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C.D. Warner, et al., comp.
The Library of the World’s Best Literature. An Anthology in Thirty Volumes. 1917.

Critical and Biographical Introduction

By James Lane Allen (1849–1925)

THE LITERARY work of James Lane Allen was begun with maturer powers and wider culture than most writers exhibit in their first publications. His mastery of English was acquired with difficulty, and his knowledge of Latin he obtained through years of instruction as well as of study. The wholesome open-air atmosphere which pervades his stories, their pastoral character and love of nature, come from the tastes bequeathed to him by three generations of paternal ancestors, easy-going gentlemen farmers of the blue-grass region of Kentucky. On a farm near Lexington, in this beautiful country of stately homes, fine herds, and great flocks, the author was born, and there he spent his childhood and youth.

About 1885 he came to New York to devote himself to literature; for though he had contributed poems, essays, and criticisms to leading periodicals, his first important work was a series of articles descriptive of the “Blue-Grass Region,” published in Harper’s Magazine. The field was new, the work was fresh, and the author’s ability was at once recognized. Inevitably he chose Kentucky for the scene of his stories, knowing and loving, as he did, her characteristics and her history. While preparing his articles on ‘The Blue-Grass Region,’ he had studied the Trappist Monastery and the Convent of Loretto, as well as the records of the Catholic Church in Kentucky; and his first stories, ‘The White Cowl’ and ‘Sister Dolorosa,’ which appeared in the Century Magazine, were the first fruits of this labor. A controversy arose as to the fairness of these portraitures; but however opinions may differ as to his characterization, there can be no question of the truthfulness of the exposition of the mediæval spirit of those retreats.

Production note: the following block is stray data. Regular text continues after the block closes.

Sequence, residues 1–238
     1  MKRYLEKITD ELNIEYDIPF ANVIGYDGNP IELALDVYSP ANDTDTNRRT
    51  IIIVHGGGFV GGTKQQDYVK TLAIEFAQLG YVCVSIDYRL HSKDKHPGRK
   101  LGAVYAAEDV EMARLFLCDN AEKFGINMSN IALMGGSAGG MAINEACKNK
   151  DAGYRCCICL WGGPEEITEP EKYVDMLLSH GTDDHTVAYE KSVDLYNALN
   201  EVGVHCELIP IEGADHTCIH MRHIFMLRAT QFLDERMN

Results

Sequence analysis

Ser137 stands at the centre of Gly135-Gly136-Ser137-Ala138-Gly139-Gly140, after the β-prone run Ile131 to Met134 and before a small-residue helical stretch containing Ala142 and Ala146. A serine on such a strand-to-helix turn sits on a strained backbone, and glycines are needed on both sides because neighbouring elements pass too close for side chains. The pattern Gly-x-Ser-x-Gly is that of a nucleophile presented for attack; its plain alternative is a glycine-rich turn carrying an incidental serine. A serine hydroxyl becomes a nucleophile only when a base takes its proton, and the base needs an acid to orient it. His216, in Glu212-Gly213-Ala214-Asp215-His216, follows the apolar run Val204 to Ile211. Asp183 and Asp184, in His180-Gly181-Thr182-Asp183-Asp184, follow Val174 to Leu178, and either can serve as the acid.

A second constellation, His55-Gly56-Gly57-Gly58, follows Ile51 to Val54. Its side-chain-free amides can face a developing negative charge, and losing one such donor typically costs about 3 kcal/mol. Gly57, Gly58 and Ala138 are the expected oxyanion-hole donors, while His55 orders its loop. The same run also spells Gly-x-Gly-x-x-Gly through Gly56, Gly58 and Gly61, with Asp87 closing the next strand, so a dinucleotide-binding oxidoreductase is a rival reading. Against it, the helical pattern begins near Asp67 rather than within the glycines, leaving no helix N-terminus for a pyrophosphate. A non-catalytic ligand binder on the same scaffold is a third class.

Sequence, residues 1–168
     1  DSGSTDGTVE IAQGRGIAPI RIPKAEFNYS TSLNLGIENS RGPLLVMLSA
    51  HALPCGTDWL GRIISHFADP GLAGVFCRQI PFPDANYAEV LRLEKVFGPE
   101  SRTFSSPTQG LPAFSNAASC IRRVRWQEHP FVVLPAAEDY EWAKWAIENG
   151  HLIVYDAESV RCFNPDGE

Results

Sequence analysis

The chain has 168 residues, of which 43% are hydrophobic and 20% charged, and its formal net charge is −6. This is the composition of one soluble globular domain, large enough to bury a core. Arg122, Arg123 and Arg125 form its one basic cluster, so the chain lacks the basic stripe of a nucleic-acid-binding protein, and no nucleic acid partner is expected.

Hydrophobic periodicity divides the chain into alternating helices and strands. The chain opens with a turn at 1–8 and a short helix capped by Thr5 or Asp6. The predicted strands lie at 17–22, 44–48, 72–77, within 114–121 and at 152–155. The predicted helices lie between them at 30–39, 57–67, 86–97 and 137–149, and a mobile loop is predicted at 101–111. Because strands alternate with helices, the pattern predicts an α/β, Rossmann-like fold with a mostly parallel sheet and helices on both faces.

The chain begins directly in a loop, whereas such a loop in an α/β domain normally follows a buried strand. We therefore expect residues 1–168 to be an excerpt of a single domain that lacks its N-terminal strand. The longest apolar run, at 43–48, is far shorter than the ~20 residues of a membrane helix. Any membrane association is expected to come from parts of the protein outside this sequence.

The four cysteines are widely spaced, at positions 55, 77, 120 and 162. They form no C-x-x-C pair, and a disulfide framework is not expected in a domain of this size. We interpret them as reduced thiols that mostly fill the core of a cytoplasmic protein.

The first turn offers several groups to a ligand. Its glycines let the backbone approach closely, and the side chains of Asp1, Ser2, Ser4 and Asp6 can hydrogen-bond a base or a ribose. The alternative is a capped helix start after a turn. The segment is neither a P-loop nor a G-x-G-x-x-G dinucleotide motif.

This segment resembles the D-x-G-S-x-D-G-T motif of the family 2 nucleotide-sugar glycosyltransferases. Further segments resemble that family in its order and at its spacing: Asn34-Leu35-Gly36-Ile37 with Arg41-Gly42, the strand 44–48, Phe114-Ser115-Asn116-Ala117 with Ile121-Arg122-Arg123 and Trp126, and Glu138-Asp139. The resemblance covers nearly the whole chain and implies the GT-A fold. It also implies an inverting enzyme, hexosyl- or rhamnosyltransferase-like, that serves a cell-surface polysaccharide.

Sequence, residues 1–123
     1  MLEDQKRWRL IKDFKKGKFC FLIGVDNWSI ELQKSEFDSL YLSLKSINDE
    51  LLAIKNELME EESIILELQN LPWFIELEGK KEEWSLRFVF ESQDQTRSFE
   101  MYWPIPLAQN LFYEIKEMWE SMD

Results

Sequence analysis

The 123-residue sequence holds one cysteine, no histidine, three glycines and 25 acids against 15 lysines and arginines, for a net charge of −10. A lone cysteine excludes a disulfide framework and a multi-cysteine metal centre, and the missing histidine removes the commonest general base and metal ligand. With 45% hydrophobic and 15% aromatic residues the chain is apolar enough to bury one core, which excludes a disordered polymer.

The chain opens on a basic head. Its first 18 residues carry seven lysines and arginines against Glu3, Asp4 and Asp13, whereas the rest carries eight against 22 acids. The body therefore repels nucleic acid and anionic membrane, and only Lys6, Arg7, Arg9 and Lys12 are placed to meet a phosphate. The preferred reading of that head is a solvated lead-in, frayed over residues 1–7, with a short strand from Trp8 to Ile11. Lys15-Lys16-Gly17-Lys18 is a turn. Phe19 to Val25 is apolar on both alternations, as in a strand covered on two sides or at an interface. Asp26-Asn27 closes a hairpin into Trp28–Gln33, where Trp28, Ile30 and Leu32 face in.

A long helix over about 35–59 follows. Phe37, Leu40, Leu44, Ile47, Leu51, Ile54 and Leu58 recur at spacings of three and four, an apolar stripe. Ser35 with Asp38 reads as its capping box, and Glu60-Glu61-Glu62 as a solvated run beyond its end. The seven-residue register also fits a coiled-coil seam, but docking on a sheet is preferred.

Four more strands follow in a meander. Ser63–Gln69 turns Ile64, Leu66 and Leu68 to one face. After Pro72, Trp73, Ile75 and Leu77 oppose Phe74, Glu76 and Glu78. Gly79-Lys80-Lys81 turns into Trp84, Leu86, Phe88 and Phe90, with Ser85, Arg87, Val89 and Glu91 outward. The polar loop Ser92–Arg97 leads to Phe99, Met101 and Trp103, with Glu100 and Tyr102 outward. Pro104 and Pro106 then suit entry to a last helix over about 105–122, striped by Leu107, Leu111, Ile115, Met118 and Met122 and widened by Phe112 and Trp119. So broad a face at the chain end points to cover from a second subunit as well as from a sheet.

This tendency to use a historic background marks most of Mr. Allen’s stories. In ‘The Choir Invisible,’ a tale of the eighteenth century, pioneer Kentucky once more exists. The old clergyman of ‘Flute and Violin’ lived and died in Lexington, and had been long forgotten when his story “touched the vanishing halo of a hard and saintly life.” The old negro preacher, with texts embroidered on his coat-tails, was another figure of reality, unnoticed until he became one of the ‘Two Gentlemen of Kentucky.’ In Lexington lived and died “King Solomon,” who had almost faded from memory when his historian found the record of the poor vagabond’s heroism during the plague, and made it memorable in a story that touches the heart and fills the eyes. ‘A Kentucky Cardinal,’ with ‘Aftermath,’ its second part, is full of history and of historic personages. ‘Summer in Arcady: A Tale of Nature,’ the latest of Mr. Allen’s stories, is no less based on local history and no less full of local color than his other tales, notwithstanding its general unlikeness.

This book sounds a deeper note which grows louder in the later tales. If the realism still has a poetic aspect, the poetry is less pastoral and the realities of city and of sex appear less veiled. The transference from local to more general themes is marked in ‘The Reign of Law’ and ‘The Mettle of the Pasture,’ volumes which provoked wide discussion, as well as in what may be called a new series of novels that began with ‘The Bride of the Mistletoe’ (1909).